The Importance of Great Design – Part One

Nov 12, 2012 | Brand, Graphic Design


This blog entry is part one of a two-part series.

Design is everywhere. It’s in the buildings we walk into, the cars we drive in, and the planes we fly in. We see it on retail store signs, on election signage, and even on a bathroom sign that (hopefully) keeps you from embarrassing yourself.

Advertising seems to be everywhere as well. It’s on the websites we visit, the magazines we read, and the billboards we see.

I believe that Design and Advertising go hand-in-hand. With advertising, you must have some sort of design. Every design is somehow an advertisement, whether it’s part of a designer’s portfolio (advertising yourself), a design to advertise a logo, or…an advertisement. In all of these examples, the objective is to draw attention, which is the very definition of advertise.

Here are 2 examples (for now) of where design should be crucial for your business…

Web Design

“Your website is your best employee. It doesn’t need food, it doesn’t need sleep, it doesn’t call in, and it doesn’t require a paycheck.” -Chris Plack

(Okay, so you have to pay for a website, but it doesn’t need insurance or anything like that.)

When your business is ready to have a web presence, it’s an important step. I’ve experienced businesses that want to be on the web simply because somebody said they should be. What that somebody needed to tell the business owner was that their website should have a purpose. For example, nobody needs to drive a car but it really helps save your time, which becomes your purpose. There certainly is the need to get from point A to point B, but there are many ways to do that that don’t require a car.

How does design fit in here? Simple. When a business owner finds a purpose for their website, that purpose will require some sort of design for their visitors to read, navigate, and (most importantly) purchase services or products.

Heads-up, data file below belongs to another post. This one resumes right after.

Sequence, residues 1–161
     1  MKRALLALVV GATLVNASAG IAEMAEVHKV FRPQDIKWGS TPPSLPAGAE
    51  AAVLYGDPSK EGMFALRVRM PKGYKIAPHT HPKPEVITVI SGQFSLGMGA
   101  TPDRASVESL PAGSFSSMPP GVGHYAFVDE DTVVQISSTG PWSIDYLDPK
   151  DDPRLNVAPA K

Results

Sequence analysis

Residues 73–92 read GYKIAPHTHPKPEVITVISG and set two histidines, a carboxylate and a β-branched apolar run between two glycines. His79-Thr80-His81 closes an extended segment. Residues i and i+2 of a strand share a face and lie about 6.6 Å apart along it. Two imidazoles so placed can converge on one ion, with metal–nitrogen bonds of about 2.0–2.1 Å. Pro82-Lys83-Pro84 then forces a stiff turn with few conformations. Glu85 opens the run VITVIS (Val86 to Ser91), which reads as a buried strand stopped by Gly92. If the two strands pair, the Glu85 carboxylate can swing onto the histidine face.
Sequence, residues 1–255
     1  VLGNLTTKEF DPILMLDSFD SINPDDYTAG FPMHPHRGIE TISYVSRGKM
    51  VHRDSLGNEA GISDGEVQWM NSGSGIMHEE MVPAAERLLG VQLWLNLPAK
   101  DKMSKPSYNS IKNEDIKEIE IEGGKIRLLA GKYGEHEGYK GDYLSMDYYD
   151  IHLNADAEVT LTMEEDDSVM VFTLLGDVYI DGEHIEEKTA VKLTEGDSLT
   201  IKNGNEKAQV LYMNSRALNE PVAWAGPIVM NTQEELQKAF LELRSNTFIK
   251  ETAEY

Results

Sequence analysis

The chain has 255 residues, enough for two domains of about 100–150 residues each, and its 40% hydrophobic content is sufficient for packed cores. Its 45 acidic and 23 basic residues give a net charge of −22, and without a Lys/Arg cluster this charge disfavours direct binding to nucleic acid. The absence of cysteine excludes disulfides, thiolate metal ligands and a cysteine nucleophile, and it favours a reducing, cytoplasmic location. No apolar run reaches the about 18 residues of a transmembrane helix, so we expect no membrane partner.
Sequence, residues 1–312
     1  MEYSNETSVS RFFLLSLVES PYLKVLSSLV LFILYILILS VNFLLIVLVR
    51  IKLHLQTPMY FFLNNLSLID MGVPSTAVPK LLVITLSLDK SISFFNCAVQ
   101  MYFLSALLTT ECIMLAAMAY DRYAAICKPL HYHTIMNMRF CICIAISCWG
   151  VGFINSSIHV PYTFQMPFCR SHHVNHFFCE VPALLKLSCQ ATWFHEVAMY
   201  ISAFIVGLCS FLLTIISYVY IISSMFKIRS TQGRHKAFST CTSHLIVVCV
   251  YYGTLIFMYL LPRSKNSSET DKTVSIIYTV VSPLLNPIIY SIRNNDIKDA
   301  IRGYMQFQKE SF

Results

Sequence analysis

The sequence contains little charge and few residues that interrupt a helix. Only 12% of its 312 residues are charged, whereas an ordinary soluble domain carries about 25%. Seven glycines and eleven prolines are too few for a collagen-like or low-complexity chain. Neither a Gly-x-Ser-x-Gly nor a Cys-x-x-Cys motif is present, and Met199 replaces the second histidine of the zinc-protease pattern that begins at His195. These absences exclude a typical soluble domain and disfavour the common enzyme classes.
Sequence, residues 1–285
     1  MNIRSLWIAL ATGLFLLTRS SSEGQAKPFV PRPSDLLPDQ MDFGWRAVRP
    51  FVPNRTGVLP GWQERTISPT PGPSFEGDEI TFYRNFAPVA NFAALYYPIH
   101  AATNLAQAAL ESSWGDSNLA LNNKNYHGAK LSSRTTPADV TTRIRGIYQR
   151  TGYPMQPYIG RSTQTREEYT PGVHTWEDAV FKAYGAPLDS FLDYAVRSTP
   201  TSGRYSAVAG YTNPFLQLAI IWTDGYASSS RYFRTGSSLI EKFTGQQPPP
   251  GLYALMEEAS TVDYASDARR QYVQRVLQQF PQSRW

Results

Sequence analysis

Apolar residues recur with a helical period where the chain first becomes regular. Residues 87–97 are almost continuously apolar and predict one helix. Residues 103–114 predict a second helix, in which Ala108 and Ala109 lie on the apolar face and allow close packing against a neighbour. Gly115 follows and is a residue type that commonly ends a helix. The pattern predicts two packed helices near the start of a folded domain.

The most simply designed websites are usually the easiest to browse. Colors, white space, image alignment, text alignment, buttons, forms, and even font all play a part in the ease in which your website’s purpose is achieved.

Business Cards

Unlike a website, business cards have a single purpose and that’s to give out contact information. There aren’t any call-to-action buttons, rollover images, or eye-straining animations.
I’ve seen some extremely creative business cards. I’ve also seen businesses go over the top with creativity and, in most cases, sacrificing the purpose of the business card.

Call me old school, but an overly creative business card almost never beats a clean, crisp business card. Letter and word spacing, text block spacing, white space, fonts, colors, and logos all play a part in conveying the purpose of your business card.

That doesn’t mean business cards should just be dull and boring black text on white paper. In many cases, it’s the opposite. The reason many businesses go over the top on their creativity with business cards is because they’re trying to stand out.

The best thing to do with business cards is to create a balance between design and purpose.

These are just two examples of where design is important for your business. Part two will be posted shortly, so be looking for that!

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